June 9 2014: via CBC news this just in….
Above, CBC photo: Louisbourg Seafood hopes to keep more than 1,000 crates of lobsters alive long enough to find a buyer. Remember, there are 100 pounds of lobster in each of those crates!
After posting our Lobster Fishing experience and the informational follow-up post about the Lobster Cars in Pubnico, one of my readers, Mira, asked a very interesting question: How long do they keep the lobsters in these crates? That was answered, at length, in the comments question of that post – and makes a very interesting read, unto itself as good questions usually do. Then, yesterday, the CBC news in Cape Breton reported this story about the lobster industry in Lousbourg, in Cape Breton, Nova Scotia. We were just there last month, so this also hit home for me. (…soon to write about our Cape Breton travels)
When asked this question by Mira, I sought out the answers from Bernice: the price determines how long the lobster stay in the cars. When the price is between 4-6 a pound most fishermen sell that same day. A few years back the fishermen could not sell their lobster for a decent price, so they were kept in crates in the holding area in the lobster cars until there was a stable price. Some fishermen held them 5-6 weeks for a better price.
This is exactly what is happening right now in Cape Breton. There are risks when they do this:
- The quality of the water in the dock is not good;
- Some lobsters are weak and do not make it. In these cases, the fisherman looses.
As there is an incredible “supply glut” the lobster buyers in Cape Breton are doing whatever they can to keep thousands of lobsters alive until prices improve. When this happened in Pubnico in 2011-2012, the fishermen got together to try to open new markets and last year the price stablized.
Lobster fishermen families, and all fishermen families relate intimately to what is happening right now in Cape Breton. As Bernice says, “Nova Scotia fishermen [work very hard] trying to do a days work to be able to survive. They have no control on the price they will be getting and it is very hard to survive if this is your business.” Then she adds: “When all is well, it is very good, but it can change on a dime.” Right now, in Cape Breton, the prices have dropped to 4 dollars a pound.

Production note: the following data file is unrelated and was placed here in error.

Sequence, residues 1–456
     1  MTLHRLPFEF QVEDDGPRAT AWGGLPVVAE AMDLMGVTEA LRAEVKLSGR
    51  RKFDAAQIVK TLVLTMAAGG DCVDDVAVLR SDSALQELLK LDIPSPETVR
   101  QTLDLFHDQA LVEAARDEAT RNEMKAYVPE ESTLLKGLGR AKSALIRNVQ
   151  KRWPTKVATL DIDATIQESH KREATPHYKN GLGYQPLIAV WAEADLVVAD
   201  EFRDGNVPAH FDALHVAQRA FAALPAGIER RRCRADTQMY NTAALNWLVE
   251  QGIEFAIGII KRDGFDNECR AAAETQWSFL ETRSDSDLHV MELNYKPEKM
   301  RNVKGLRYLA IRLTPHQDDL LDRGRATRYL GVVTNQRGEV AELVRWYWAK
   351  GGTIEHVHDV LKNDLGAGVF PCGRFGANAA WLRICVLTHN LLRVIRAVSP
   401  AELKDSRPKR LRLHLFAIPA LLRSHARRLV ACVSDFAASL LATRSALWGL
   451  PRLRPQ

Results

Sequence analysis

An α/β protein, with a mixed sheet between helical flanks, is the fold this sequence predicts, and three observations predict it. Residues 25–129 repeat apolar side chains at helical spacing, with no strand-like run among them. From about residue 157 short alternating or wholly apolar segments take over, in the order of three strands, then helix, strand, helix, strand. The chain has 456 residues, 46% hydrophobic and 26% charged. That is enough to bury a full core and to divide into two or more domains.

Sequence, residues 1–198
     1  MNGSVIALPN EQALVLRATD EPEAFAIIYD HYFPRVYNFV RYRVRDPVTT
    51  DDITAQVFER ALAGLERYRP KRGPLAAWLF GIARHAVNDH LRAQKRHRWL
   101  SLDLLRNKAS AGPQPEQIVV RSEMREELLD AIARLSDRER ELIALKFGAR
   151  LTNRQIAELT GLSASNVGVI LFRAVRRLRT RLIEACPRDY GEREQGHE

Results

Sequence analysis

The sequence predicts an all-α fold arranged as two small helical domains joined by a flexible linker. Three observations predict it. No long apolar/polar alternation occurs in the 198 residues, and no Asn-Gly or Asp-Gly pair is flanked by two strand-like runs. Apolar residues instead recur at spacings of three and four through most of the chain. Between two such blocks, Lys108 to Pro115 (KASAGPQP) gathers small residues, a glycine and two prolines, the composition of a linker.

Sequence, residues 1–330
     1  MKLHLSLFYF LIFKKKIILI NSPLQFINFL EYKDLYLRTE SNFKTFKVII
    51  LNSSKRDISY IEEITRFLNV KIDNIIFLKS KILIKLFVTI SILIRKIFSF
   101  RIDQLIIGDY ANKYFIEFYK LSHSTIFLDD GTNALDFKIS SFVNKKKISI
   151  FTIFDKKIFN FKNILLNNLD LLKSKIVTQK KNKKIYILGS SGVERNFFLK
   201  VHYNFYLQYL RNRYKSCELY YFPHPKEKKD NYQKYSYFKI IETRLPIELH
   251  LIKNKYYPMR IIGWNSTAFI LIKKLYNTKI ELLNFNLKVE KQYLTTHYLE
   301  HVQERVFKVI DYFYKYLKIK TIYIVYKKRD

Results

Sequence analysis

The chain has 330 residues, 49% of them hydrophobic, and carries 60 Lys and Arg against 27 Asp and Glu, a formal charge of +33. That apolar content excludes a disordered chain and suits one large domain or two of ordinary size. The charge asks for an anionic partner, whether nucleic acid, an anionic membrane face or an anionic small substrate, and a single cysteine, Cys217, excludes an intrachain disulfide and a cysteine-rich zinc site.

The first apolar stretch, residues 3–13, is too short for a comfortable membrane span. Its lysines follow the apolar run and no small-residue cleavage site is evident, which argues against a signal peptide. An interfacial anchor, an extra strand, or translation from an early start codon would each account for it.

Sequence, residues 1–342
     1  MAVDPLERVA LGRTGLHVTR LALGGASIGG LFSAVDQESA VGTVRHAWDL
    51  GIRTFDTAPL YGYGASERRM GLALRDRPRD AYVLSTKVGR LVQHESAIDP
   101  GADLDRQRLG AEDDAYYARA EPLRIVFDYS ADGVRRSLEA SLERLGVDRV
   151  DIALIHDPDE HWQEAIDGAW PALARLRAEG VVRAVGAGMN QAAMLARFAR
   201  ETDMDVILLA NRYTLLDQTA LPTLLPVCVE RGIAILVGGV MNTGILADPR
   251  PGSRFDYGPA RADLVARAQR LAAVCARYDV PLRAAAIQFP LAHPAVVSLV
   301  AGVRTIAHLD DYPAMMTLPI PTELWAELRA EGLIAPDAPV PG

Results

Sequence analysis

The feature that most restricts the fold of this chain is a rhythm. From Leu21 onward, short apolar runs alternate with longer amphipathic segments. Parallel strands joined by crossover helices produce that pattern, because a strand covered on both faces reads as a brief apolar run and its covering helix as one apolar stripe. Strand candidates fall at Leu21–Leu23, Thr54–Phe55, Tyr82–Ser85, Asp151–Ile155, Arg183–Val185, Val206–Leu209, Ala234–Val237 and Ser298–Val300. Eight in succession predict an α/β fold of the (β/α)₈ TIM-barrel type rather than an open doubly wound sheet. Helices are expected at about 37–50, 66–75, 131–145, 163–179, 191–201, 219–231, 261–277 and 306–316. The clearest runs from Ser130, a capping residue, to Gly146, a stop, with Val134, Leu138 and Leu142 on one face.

The lobster fishermen in Cape Breton will still have the same expenses, regardless of the return: make payments, buy bait, pay the crew. And, it is hard to keep a crew member if there is no money to be made as crew members are usually paid by the money made from the catch.
Many have dropped prices and imposed boat quotas on hundreds of Nova Scotia lobster fishermen from the Gulf of St. Lawrence to the Eastern Shore.
- Lobster buyers impose ‘unheard of’ quotas on N.S. fishermen
- Nova Scotia lobster fisheries shut down, some tied up in P.E.I.
- Lobster price squabbles hurt industry
Effective Friday, Eastern Shore fishermen were told buyers will take no more than 500 pounds (227 kilograms) per day. Further east in Guysborough County, 400 other fishermen have a 600-pound (272-kilogram) limit. There are also quotas in the Gulf. Warmer weather and big lobster landings in eastern Nova Scotia coincided with huge catches from the larger southwest Nova Scotia lobster fisher, [Pubnico, included, here] in the final week of their six-month season which ended May 31.
Jerry Amirault of the Lobster Processors Association says there’s just nowhere to put live lobster this week. “The system is clogged,” he said. The result has been a huge backlog of live lobsters. “Simply, that the catches have been overwhelming. Day after day of good fishing weather. Catches in some areas that have essentially doubled,” he said.